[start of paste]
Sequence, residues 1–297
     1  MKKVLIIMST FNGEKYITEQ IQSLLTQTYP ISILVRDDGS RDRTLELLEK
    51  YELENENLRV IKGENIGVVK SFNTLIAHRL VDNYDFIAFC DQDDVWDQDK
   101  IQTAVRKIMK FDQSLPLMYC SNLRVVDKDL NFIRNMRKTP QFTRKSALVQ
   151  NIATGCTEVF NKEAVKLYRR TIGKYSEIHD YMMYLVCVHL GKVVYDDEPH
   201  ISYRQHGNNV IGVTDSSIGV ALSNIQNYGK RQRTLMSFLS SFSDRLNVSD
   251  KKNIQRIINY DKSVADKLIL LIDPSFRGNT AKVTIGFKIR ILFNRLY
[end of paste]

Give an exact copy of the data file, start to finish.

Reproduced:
Sequence, residues 1–297
     1  MKKVLIIMST FNGEKYITEQ IQSLLTQTYP ISILVRDDGS RDRTLELLEK
    51  YELENENLRV IKGENIGVVK SFNTLIAHRL VDNYDFIAFC DQDDVWDQDK
   101  IQTAVRKIMK FDQSLPLMYC SNLRVVDKDL NFIRNMRKTP QFTRKSALVQ
   151  NIATGCTEVF NKEAVKLYRR TIGKYSEIHD YMMYLVCVHL GKVVYDDEPH
   201  ISYRQHGNNV IGVTDSSIGV ALSNIQNYGK RQRTLMSFLS SFSDRLNVSD
   251  KKNIQRIINY DKSVADKLIL LIDPSFRGNT AKVTIGFKIR ILFNRLY